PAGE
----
A colloid is a suspension of submicroscopic particles in a medium of a different material. Colloidal silver is metallic silver suspended in water.
Some minerals are required in the diet for optimum health. These are known as essential minerals. Contrary to claims by some manufacturers of colloidal products, silver is not an essential mineral.
On the other hand, silver undoubtedly has antimicrobial properties, along with some other metals such as copper . Historically, coins or other items made of silver were used to help keep water from becoming contaminated and to keep milk fresh for longer periods when refrigeration was not available. This method may still be used today in some remote areas of the world. Silver is also impregnated into some water filtration systems used both for swimming pools and for drinking water.
Despite the proven antibacterial, antiviral, and anti-fungal properties of silver in vitro, it is unclear whether it can exert the same effects when taken into the body. Part of the issue is what concentration of silver reaches the area where the infection is occurring before being bound, disseminated, or excreted. Another question is whether the ingested silver would have an adequate time of contact with the target organisms to produce the desired effect. It has a greater chance of benefiting a patient with local and topical infections .
Colloidal silver products are often touted as the answer to the problem of microbial resistance to antibiotics. While it is certainly true that antibiotics are overused, leading to more bacteria becoming resistant, substantive evidence that colloidal silver is a safe and effective replacement does not yet exist.
Silver is already used in some compounds that are in common use against infections. Silvadine is a frequently used agent to prevent infection in burn patients. Silver nitrate was used in the eyes of newborns for years to prevent blindness caused by contracting gonorrhea , a sexually transmitted disease (STD), during the passage through the birth canal. The medication was not, however, effective against chlamydia , another STD that causes neonatal conjunctivitis . Silver nitrate can also be very irritating to the tissues of the eye. Erythromycin and tetracycline are now more frequently used in the United States for neonatal prophylaxis.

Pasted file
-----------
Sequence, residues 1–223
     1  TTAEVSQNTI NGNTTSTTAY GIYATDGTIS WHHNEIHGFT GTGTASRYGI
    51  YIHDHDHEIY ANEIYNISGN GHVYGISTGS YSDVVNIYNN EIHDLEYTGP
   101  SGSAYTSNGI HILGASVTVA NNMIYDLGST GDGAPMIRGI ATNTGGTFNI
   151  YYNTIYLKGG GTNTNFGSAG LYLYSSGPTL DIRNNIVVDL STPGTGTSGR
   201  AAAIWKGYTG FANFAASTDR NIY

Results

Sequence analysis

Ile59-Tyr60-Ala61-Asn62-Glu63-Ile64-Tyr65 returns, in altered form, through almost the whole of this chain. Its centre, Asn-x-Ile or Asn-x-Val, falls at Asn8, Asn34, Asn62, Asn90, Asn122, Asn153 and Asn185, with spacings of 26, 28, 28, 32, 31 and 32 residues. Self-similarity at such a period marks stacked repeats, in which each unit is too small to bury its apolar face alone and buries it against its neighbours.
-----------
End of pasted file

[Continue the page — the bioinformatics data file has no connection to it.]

The claims made for colloidal silver are innumerable. Silver has been said to be effective against hundreds of strains of bacteria, and to be supportive in the treatment of colds and flu, hepatitis , Epstein-Barr virus, pneumonia, bronchitis , and yeast infections. It has also been recommended for topical use in the mouth, eyes, ears, nose, sinuses, and for a wide variety of skin conditions. It is difficult to determine which of the claims, if any of them, have merit because substantive research data are lacking. Most of the reported effects are based on in vitro or anecdotal evidence. Extrapolations from such testimonials would be challenging due to the variability in particle size, concentration, quality of the preparation, and total dose.
Silver colloid has been created by grinding, wave method (such as ultrasonic), liquid, chemical, or electrical modes of manufacture. They vary in how large the particles of silver are that are produced, and whether they carry an electrical charge. Particles that are very small and charged repel each other enough that they tend to remain in a suspended state for a longer time rather than settling. Currently, the electrocolloidal process is the most used, and considered to be the best at creating very small, charged particles.